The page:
“American Ships Head to Gulf”

In a forum on Testy Copy Editors in 2009, editor Mike O’Connell posted a headline from the newspaper Japan Today: “Violinist Linked to JAL Crash Blossoms.” He asked, “what do you call these kinds of strangely phrased hedlines? is there a word for them?”

The answer suggested itself — a crash blossom is headline that’s painfully ambiguous, usually due to unwise ellipsis, double meaning, or tortured syntax. Linguist Ben Zimmer gave some examples in the New York Times the following year:

Giant Waves Down Queen Mary’s Funnel
MacArthur Flies Back to Front
Eighth Army Push Bottles Up Germans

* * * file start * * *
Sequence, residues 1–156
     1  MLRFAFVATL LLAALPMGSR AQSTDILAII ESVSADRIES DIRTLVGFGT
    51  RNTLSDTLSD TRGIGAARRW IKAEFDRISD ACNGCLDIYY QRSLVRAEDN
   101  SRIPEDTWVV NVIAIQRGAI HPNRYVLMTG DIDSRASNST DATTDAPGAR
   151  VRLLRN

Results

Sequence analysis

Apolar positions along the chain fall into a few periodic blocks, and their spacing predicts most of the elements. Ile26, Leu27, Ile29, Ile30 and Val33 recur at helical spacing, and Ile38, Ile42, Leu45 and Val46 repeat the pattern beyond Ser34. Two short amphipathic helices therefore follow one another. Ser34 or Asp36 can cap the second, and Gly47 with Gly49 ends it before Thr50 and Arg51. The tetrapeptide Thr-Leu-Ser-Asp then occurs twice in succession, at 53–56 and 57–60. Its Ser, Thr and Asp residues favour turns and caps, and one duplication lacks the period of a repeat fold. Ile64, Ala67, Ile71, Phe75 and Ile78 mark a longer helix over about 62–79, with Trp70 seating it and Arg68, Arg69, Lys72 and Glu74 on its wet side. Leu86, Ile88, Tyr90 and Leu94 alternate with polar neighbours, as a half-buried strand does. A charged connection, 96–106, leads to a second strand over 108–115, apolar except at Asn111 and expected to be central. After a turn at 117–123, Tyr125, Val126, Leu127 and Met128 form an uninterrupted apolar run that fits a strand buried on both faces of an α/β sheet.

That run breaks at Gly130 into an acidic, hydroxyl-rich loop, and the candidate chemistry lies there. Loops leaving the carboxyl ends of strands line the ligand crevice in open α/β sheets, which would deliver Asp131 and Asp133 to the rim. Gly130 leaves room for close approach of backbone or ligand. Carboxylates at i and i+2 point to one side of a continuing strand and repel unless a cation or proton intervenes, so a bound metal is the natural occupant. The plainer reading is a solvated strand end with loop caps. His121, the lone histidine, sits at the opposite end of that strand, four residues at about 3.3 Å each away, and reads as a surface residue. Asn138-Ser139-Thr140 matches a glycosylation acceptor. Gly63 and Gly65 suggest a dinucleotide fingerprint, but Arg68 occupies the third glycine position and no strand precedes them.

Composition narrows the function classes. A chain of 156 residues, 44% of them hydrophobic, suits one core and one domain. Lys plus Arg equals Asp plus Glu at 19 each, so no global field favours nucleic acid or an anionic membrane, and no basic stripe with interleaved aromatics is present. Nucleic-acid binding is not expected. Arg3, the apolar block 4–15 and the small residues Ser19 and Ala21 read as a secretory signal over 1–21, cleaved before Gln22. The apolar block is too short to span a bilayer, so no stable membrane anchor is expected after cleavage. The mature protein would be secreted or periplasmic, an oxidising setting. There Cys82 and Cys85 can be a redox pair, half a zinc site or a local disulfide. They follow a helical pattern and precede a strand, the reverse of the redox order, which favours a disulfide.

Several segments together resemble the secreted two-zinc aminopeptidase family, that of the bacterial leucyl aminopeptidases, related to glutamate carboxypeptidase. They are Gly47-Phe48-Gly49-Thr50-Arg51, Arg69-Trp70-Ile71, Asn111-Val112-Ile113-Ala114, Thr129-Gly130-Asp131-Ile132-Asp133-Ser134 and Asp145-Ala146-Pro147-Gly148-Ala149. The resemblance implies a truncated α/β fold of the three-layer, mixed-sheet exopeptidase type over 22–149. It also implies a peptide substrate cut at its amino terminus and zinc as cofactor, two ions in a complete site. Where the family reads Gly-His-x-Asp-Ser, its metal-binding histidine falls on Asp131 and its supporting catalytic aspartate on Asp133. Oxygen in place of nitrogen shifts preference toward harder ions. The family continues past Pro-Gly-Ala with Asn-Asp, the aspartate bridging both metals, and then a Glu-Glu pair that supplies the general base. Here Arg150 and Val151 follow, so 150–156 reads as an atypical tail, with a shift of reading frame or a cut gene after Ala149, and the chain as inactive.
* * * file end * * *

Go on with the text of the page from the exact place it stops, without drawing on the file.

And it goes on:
McDonald’s Fries the Holy Grail for Potato Farmers
British Left Waffles on Falklands
Gator Attacks Puzzle Experts

And the Language Log blog lists examples from time to time:

Infant Pulled From Wrecked Car Involved in Short Police Pursuit
Letter Bombs Accused in Court
Mexico Mine Missing Declared Dead
Queen Mary Having Bottom Scraped
Two Soviet Ships Collide — One Dies
Soviet Virgin Lands Short of Goal
Smoking Riskier Than Thought
Headless Corpse Accused in Court

Here’s an archive.